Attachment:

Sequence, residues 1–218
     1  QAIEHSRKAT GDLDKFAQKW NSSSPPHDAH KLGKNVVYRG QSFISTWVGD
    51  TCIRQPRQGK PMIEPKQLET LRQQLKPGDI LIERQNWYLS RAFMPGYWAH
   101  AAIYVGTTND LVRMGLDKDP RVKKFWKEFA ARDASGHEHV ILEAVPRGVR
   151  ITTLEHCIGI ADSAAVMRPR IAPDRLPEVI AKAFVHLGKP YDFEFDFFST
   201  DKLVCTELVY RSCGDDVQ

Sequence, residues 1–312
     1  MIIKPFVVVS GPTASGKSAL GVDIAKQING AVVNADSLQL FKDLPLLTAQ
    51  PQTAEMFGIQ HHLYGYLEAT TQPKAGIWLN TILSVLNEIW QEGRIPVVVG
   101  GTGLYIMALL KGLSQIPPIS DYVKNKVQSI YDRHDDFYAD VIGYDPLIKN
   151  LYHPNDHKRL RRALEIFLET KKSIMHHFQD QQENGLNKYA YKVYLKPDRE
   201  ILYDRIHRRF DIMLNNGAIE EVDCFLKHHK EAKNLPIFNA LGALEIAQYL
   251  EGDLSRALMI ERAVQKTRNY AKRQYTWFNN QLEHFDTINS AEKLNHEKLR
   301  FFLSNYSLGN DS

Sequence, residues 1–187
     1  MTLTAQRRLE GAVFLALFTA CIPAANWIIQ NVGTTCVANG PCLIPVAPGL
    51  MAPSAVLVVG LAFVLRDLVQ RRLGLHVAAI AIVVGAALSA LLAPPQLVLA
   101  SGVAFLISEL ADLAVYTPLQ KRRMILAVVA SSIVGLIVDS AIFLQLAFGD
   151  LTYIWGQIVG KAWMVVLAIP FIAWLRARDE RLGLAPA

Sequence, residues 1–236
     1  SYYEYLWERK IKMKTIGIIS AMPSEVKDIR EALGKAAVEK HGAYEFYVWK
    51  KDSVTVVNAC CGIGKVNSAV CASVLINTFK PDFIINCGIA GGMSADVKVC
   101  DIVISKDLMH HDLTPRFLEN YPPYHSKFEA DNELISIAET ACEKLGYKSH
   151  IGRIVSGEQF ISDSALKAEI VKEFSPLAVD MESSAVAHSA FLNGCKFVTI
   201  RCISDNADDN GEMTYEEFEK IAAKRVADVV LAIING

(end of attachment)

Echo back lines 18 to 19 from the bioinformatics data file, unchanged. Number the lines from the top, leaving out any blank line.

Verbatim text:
   101  SGVAFLISEL ADLAVYTPLQ KRRMILAVVA SSIVGLIVDS AIFLQLAFGD
   151  LTYIWGQIVG KAWMVVLAIP FIAWLRARDE RLGLAPA